Arizona Sen. Kyrsten Sinema's campaign raised over $2.1 million in the first quarter of this year, with over half of that coming from donors who gave at least $3,300 -- the maximum per-election individual donation to a Senate campaign.
More than 30% of the Democrat-turned-independent's haul this quarter came from employees of just five major companies, including hedge funds, investment groups and private equity firms.
She received $287,000 from employees of Blackstone, the major investment firm, and its affiliates, as well as almost $196,000 from employees of the Carlyle Group and its affiliates, according to a NBC News analysis of her campaign finance filing. Sinema also received over $51,000 from employees of Elliott Advisors and their affiliates, over $71,000 from employees of Ryan LLC, and over $53,000 from employees of the firm Kohlberg Kravis Roberts and its subsidiaries.
Sinema has been criticized in the past for her ties to Wall Street and the wealthy. Much of this critique has come from Rep. Ruben Gallego, D-Ariz., who announced last year that he would run for the Democratic nomination to her Senate seat.
In his first quarter filing, Gallego reported raising $3.7 million in his campaign account from January through March.
In a release, Gallego touted his support from small dollar donors, raising 98% of his haul from donors who gave under $100.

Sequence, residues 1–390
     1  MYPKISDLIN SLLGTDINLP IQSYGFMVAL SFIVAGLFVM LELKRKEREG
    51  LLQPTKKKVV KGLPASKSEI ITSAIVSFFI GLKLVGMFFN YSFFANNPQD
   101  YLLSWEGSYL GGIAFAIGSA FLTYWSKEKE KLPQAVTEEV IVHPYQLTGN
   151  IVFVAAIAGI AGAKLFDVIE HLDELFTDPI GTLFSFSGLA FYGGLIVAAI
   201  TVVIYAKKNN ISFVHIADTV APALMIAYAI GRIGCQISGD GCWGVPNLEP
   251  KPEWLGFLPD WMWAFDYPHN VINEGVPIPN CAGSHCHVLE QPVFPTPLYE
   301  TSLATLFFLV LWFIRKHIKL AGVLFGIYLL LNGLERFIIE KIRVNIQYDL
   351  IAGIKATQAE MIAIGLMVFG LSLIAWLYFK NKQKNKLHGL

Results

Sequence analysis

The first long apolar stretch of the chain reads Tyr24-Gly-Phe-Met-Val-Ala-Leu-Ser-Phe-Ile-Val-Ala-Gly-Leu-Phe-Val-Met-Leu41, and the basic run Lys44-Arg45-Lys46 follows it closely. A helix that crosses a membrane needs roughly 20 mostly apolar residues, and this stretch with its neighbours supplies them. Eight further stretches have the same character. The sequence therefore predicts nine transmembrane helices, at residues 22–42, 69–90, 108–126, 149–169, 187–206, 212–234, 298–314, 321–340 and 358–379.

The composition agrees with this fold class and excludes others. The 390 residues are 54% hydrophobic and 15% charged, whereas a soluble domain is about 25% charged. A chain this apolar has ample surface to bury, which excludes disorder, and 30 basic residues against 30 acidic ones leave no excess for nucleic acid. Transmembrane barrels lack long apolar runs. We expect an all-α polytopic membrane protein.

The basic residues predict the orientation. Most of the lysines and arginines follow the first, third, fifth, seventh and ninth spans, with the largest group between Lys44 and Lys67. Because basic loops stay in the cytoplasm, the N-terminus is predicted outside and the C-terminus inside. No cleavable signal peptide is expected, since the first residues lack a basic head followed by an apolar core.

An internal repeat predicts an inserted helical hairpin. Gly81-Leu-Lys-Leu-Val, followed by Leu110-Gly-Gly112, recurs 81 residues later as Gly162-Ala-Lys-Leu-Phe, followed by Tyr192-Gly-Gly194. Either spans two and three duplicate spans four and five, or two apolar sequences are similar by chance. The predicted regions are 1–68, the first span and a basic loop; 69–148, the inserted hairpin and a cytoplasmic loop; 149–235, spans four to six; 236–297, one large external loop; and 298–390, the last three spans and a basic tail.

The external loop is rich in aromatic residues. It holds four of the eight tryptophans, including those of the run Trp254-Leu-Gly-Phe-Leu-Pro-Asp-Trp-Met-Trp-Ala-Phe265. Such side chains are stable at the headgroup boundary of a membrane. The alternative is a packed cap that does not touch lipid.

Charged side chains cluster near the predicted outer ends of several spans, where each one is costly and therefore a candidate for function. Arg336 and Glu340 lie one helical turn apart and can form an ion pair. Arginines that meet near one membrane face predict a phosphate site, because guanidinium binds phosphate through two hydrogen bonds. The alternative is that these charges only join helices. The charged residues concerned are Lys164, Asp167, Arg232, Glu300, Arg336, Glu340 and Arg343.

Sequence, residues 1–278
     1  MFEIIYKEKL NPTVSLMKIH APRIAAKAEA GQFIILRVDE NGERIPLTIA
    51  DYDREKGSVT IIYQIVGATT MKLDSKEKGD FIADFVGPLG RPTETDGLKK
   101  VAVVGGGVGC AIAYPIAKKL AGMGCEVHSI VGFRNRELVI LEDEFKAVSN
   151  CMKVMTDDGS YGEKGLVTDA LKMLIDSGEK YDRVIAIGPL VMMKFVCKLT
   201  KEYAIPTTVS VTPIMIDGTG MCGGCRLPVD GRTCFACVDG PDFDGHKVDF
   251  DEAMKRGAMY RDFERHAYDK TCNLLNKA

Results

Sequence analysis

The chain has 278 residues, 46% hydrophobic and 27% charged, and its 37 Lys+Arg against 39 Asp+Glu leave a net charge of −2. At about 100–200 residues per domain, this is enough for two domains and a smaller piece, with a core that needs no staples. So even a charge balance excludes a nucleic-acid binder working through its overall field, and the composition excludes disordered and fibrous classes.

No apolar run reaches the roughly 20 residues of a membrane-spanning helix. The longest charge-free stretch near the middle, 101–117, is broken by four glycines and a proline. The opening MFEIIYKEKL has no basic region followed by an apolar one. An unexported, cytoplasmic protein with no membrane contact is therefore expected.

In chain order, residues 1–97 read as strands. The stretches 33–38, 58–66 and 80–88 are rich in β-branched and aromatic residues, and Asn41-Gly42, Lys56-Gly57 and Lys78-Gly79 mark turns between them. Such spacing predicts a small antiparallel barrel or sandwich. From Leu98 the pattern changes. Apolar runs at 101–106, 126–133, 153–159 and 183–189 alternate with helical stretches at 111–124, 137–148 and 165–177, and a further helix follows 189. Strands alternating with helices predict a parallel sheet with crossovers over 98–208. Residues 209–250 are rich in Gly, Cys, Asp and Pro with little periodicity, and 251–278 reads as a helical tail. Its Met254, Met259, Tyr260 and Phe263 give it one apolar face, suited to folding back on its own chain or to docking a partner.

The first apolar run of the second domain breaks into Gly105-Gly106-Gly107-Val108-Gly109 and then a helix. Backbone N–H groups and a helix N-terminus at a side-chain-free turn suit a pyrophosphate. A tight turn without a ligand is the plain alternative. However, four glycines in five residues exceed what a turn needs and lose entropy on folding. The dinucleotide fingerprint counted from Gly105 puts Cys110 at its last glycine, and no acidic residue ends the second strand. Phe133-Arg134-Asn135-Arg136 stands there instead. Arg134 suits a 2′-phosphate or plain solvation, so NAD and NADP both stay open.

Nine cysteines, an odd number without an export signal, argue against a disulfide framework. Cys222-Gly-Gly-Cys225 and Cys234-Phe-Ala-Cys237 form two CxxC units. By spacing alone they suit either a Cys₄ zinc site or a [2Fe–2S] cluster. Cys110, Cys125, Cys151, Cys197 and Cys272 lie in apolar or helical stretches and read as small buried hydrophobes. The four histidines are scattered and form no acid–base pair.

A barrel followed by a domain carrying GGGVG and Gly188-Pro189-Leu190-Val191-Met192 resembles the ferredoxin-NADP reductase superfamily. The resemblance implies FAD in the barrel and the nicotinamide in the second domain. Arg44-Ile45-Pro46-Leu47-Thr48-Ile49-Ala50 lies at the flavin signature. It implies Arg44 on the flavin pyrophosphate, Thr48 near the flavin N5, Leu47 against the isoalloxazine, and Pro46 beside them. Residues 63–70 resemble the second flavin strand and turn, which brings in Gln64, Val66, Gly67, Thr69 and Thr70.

“At the end of the day: This seat is not going to be bought by a few rich guys on Wall Street. It’s going to be won with the support of regular, everyday Arizonans—and I’m proud to have them in my corner," Gallego said in a statement.
Sinema, who is completing her first term in the Senate, has not announced whether she'll run again in 2024. She left the Democratic caucus in 2022 to be an independent, so presumably she would run as an independent in 2024 if she decides to run for reelection.
Sinema's first-quarter donors also include a number of prominent Republicans, like Blackstone's Stephen Schwarzman, one of the most prolific GOP super PAC donors in the 2022 election cycle. KKR's Ken Mehlman, a former George W. Bush campaign manager and Bush-era Republican National Committee chair, also donated to Sinema in the first three months of 2023.
At least one Republican has already announced his campaign to run for Senate in Arizona: Pinal County Sheriff Mark Lamb.
It's widely expected that Kari Lake, a former TV news anchor who won the Republican nomination for governor in 2022 but lost the general election, may run for Senate this cycle, too.